No sudden Move is a criminal intrigue movie more than a drama. Essentially two small time crooks are paid to do one simple job which turns out to have a vastly more complicated scheme behind it and the movie unfolds with the two crooks puzzling their way through. Its a Steven Soderbergh picture, but if you're thinking Oceans 11 I'd warn you that it's a tad more on the noir side. Imagine Soderbergh collaborating with Scorsese on the tone of the film. I'm still a little confused on some of the subtleties on the film. It has a touch of The Usual Suspects or The Spanish Prisoner to it, but by the end of the film the main puzzle of the film is mostly cleared up. Its also is loosely based on a real conspiracy/espionage event that occurred in the 1950s so that was cool. You get a nice little history lesson out of it at the End Credits.

I think the only thing that was a net negative for me was Brendan Fraiser plays an obese mob guy. His acting was fine, but he looks really healthy so it looks more like he put on weight for the role, but was almost too careful about it. His scenes kept pulling me out of the film. This is juxtaposed with Benecio Del Toro who also gained weight, but looks the part. Hard to describe unless you see it for yourself.
 

Johnny Novgorod

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Grave of the Fireflies

It's an excellent movie but because I knew basically the whole plot beforehand my attention wandered on to more technical aspects of the action. Feels like Seita has all the resources he needs for him and his sister to survive (longer anyway) but applies them too late and because we don't find out about them until then it feels like cheating.

He's got all this money in the bank (which I thought had ran out by then) and it's never established he's worried about rationing it so why wait until Setsuko's dying to use it to buy food? Setsuko is sick the whole movie and only takes her to a doctor when it's too late - which only then reveals consulting a doctor was an option in the first place. And of course leaving his aunt's... She's cruel and mean but not to the point she'd let the kids die on her I think. And Seita never offers to do any chores around the house, which was a big gripe with the crone. Dude, do the dishes. Clean around. Something, anything.

Was the point of the story that Seita only makes bad decisions, and is incapable of thinking long term? Which would make sense given Takahata vehemently insists it's not an anti-war story.
 
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Casual Shinji

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Grave of the Fireflies

It's an excellent movie but because I knew basically the whole plot beforehand my attention wandered on to more technical aspects of the action. Feels like Seita has all the resources he needs for him and his sister to survive (longer anyway) but applies them too late and because we don't find out about them until then it feels like cheating.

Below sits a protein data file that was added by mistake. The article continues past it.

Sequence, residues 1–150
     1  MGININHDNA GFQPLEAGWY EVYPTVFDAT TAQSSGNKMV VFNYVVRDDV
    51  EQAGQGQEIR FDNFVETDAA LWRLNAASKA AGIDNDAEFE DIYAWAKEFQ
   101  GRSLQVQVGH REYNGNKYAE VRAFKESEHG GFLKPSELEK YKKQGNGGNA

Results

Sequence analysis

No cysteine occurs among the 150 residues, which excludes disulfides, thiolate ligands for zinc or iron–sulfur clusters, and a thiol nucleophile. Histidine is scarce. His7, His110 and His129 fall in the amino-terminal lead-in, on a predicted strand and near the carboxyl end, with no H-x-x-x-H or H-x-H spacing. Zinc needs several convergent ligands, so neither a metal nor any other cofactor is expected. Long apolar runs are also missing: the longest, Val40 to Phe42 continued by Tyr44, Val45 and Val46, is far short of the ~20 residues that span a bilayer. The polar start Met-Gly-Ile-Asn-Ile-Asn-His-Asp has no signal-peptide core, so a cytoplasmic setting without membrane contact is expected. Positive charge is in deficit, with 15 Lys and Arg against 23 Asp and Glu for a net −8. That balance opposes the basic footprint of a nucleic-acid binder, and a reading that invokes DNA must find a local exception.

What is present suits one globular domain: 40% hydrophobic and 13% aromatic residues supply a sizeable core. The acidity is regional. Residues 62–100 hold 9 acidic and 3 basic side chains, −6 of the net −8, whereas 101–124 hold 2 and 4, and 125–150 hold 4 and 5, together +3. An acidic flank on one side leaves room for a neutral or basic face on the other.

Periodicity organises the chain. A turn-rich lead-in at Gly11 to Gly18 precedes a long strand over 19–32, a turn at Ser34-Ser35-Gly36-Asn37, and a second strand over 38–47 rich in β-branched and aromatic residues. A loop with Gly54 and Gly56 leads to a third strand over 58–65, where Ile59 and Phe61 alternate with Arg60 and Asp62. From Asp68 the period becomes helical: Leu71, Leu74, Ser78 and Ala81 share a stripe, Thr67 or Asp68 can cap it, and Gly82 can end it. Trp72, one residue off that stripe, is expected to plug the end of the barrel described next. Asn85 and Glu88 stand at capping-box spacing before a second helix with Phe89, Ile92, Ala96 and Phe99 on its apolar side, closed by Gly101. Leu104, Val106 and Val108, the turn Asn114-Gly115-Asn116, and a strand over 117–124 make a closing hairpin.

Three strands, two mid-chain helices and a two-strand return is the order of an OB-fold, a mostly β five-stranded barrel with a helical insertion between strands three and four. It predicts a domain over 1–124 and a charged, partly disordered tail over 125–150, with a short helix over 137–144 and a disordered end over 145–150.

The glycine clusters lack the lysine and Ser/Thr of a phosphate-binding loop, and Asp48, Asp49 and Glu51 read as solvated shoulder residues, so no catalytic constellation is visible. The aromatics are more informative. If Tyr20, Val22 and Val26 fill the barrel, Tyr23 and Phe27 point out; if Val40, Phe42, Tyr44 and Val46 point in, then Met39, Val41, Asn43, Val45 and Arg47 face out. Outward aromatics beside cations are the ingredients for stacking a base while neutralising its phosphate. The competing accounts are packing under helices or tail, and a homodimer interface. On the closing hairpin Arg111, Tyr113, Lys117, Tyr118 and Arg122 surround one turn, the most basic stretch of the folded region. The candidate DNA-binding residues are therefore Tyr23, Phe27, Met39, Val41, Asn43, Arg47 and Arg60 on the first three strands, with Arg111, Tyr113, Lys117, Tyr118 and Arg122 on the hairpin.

He's got all this money in the bank (which I thought had ran out by then) and it's never established he's worried about rationing it so why wait until Setsuko's dying to use it to buy food? Setsuko is sick the whole movie and only takes her to a doctor when it's too late - which only then reveals consulting a doctor was an option in the first place. And of course leaving his aunt's... She's cruel and mean but not to the point she'd let the kids die on her I think. And Seita never offers to do any chores around the house, which was a big gripe with the crone. Dude, do the dishes. Clean around. Something, anything.

Was the point of the story that Seita only makes bad decisions, and is incapable of thinking long term? Which would make sense given Takahata vehemently insists it's not an anti-war story.
Yeah, the whole leaving his aunt thing I never quite got. It's been years since I've seen this movie, but I never got the sense that she was ever anything beyond very, very grumpy. I think I heard somewhere that Seita's decision making is apparently supposed to mirror Japan in WW2, and how they stubbornly got their own people killed because they thought they were doing the right thing. But Seita never feels framed that way, like we as the audience should shake our heads at his actions and what it's doing to his little sister; it's framed as both of them being at the mercy of a world that doesn't care about them or is too occupied with the fall-out from the war.

I can't say I ever cared much for this movie.
 

Johnny Novgorod

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Yeah, the whole leaving his aunt thing I never quite got. It's been years since I've seen this movie, but I never got the sense that she was ever anything beyond very, very grumpy. I think I heard somewhere that Seita's decision making is apparently supposed to mirror Japan in WW2, and how they stubbornly got their own people killed because they thought they were doing the right thing. But Seita never feels framed that way, like we as the audience should shake our heads at his actions and what it's doing to his little sister; it's framed as both of them being at the mercy of a world that doesn't care about them or is too occupied with the fall-out from the war.

I can't say I ever cared much for this movie.
I was half expecting them to go back to the aunt's after things get worse and the farmer tells Seita to swallow his pride, only for them to find the house firebombed, retroactively (and randomly) validating Seita's decision to leave in the first place.